We were studying Ethiopia last week and decided to take a little side trip to Prester John. Prester John was a mythical Christian monarch known to Europeans in the Middle Ages. The legend said that somewhere in the mysterious east there was a Christian kingdom, a kingdom that had lasted isolated for centuries. There were supposed to be unicorns and dragons and griffins and a magical fountain of youth (there’s always a fountain of youth). The kingdom was supposed to be fabulously wealthy, the fields brimming with crops, the rivers full of fish, the vines groaning under the burden of the grapes, the coffers filled with gold. It was also supposed to be the gateway to Eden, the Biblical garden from which Adam and Eve were expelled after partaking of the fruit. In other words, the kingdom of Prester John was one small step down from paradise itself.
Europeans had written and dreamed about this kingdom for centuries and, once in a while, someone would even go off and try to find it. Then in 1490 a Portuguese Explorer named Pero da Covilha found Ethiopia. He found an advanced civilization of Christians, fabulously fantastical churches carved from solid stone, strange animals like giraffes and hippos, and a gold rich kingdom. This was it! Prester John.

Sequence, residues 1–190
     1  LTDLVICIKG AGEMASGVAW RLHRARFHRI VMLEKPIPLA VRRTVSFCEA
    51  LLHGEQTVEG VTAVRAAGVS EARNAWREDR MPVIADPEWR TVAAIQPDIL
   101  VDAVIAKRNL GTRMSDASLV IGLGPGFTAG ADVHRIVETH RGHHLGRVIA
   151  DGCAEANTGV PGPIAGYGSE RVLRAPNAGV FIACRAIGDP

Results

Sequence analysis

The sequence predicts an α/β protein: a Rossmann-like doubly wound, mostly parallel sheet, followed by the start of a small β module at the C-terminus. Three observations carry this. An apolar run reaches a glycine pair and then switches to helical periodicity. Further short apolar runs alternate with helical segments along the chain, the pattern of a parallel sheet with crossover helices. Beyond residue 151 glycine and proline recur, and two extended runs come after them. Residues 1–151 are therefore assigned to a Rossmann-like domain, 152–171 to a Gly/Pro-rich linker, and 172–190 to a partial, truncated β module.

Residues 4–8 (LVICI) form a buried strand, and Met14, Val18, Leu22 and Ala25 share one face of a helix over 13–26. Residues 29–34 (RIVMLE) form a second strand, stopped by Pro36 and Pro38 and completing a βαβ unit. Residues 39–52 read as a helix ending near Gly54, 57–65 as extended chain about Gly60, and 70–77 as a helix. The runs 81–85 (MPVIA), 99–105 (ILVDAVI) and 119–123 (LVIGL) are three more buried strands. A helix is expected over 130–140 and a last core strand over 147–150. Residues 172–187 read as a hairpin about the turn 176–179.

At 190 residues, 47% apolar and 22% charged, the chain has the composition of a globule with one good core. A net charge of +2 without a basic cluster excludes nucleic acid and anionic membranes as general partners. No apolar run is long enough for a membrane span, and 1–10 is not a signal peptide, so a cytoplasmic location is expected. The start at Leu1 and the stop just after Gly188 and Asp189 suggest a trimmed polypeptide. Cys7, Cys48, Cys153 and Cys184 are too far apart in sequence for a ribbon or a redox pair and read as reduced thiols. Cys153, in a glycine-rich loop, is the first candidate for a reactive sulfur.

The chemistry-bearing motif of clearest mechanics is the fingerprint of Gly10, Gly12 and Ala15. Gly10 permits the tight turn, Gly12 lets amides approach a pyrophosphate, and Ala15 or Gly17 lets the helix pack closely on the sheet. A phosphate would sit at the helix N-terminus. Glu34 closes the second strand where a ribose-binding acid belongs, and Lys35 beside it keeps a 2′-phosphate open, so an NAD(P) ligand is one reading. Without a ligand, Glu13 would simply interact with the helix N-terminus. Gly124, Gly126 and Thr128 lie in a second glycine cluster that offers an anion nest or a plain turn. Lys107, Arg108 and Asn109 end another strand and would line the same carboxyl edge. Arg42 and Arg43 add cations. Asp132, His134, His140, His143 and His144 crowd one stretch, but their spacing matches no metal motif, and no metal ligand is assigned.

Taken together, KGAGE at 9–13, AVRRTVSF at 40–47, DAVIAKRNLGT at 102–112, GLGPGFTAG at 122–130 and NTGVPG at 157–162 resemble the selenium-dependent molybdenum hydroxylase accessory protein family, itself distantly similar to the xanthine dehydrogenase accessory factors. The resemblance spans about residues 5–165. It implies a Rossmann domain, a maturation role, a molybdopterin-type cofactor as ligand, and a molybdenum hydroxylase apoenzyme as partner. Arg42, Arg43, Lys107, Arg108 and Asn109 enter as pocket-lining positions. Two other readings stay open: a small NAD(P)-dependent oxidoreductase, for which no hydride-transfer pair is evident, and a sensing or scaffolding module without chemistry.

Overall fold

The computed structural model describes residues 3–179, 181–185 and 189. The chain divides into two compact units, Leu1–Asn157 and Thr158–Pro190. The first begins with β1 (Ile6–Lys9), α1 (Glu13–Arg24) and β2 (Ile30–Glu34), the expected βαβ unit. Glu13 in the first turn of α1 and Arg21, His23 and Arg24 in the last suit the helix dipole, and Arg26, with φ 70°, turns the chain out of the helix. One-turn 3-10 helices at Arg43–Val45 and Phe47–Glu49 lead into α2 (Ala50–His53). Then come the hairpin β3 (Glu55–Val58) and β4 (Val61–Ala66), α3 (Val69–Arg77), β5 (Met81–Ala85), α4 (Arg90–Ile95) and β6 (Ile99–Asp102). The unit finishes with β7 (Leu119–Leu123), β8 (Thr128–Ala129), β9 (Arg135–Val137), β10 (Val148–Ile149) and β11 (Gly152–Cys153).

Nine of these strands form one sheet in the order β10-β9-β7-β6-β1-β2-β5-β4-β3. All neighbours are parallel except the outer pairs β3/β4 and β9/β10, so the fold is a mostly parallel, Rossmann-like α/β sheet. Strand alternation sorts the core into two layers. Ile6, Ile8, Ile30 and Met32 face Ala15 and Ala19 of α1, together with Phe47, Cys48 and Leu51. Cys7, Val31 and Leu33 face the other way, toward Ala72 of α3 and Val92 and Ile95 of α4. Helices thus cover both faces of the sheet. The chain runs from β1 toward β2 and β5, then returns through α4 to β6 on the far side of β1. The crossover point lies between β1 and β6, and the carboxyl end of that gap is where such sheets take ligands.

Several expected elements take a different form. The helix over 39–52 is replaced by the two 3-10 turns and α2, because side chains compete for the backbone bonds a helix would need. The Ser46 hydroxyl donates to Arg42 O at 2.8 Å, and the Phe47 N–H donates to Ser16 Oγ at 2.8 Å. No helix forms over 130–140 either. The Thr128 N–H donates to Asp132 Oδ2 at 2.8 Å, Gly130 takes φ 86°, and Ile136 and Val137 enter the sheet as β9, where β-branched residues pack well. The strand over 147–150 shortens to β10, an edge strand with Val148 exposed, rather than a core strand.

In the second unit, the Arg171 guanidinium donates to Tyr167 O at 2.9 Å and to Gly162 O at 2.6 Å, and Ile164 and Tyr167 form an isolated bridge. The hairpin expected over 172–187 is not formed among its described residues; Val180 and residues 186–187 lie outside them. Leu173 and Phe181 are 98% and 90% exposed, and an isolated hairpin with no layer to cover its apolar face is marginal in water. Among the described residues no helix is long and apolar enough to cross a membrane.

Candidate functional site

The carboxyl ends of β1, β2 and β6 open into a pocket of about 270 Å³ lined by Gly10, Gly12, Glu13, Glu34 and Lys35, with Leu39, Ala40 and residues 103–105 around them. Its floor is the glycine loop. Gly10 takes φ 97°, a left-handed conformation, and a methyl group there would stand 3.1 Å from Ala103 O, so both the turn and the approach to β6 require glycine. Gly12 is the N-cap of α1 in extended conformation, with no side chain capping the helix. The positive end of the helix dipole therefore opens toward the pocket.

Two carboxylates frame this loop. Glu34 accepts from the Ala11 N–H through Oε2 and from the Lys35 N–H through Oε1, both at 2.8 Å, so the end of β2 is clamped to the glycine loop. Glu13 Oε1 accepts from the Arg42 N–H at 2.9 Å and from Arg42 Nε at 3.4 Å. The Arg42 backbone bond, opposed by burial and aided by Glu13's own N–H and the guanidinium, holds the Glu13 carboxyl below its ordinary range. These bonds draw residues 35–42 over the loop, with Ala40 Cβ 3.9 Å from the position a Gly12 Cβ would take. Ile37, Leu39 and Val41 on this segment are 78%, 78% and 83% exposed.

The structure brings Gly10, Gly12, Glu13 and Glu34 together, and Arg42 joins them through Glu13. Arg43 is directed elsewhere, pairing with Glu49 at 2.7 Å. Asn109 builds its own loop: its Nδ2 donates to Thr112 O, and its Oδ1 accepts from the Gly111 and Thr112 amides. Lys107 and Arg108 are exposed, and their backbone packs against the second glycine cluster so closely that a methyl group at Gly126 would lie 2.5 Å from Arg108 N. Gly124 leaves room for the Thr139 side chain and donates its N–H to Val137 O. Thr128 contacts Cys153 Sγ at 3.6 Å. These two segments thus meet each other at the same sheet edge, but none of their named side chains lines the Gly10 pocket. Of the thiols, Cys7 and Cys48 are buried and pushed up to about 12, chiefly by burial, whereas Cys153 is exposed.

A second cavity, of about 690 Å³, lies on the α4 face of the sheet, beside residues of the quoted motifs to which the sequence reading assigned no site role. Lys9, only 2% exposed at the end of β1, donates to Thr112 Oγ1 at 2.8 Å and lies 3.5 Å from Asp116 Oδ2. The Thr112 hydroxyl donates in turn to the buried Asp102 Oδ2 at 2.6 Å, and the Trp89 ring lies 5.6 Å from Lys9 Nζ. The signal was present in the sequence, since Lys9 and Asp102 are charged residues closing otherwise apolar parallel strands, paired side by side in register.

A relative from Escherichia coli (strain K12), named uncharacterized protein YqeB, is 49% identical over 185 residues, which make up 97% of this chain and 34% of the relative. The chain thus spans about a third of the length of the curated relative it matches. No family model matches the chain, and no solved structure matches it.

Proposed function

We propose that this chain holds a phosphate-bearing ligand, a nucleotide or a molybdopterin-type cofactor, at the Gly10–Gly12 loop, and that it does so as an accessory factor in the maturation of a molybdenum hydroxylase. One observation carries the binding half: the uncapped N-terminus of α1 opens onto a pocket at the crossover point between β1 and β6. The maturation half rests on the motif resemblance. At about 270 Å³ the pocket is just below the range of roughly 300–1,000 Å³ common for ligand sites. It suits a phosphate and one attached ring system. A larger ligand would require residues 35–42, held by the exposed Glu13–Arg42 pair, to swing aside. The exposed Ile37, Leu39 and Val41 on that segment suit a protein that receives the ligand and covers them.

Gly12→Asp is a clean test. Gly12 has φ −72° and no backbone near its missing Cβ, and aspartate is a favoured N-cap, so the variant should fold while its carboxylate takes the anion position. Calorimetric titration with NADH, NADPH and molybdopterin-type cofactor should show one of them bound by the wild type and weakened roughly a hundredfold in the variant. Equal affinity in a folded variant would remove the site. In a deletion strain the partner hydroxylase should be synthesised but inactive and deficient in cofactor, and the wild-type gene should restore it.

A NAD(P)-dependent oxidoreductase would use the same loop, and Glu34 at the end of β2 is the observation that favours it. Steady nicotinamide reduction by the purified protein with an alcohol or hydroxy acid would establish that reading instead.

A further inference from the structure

It’s unknown how the Ethiopian King responded to being called Prester, but perhaps he capitalized on it because the Ottoman Turks had chosen this time to invade Ethiopia and the small African Kingdom needed some military assistance. The Portuguese provided it, and the Ottomans were defeated, never to take over Ethiopia.
The end of the story is that the Portuguese demanded that the Ethiopians submit to the authority at Rome and join the Christian brotherhood. The Ethiopians, having a well developed and in fact much older Christian church of their own, declined. They remained free and independent until 1936 when the Italian dictator Mussolini conquered Ethiopia in the prelude to WWII.
A Map Project
We drew and colored maps of Prester John’s Kingdom, setting our scene in the real landscape of Ethiopia, including the shoreline of the nearby sea, the mountain chains, the rivers, and the major cities. Then we added in fancy beasts and a magic fountain.
- Ethiopia isn’t really that far from Europe. So why did the Europeans have no knowledge of it until the 15th century? More ancient people, like the Romans and the Greeks knew all about Ethiopia, having her as a trading partner, but then Islam came. Islam cut the east and sub-Saharan Africa off from the Christian west and north.
- Learn more about the Lalibela churches.
- Ethiopia today is still mostly Christian, though a different brand from other denominations. Many Jews and Muslims also live in the country in equality and freedom with the Christians.
- Mythical beasts are fun. Learn more about fanciful beasts and magical creatures from ancient stories. Do you think any of them might have been real?
- Where else in the world has the fountain of youth been rumored to have been? It moves around a lot for a fountain. Maybe that’s why no one has ever found it. If you could drink a magic liquid that would keep you young forever, would you? Think about it carefully.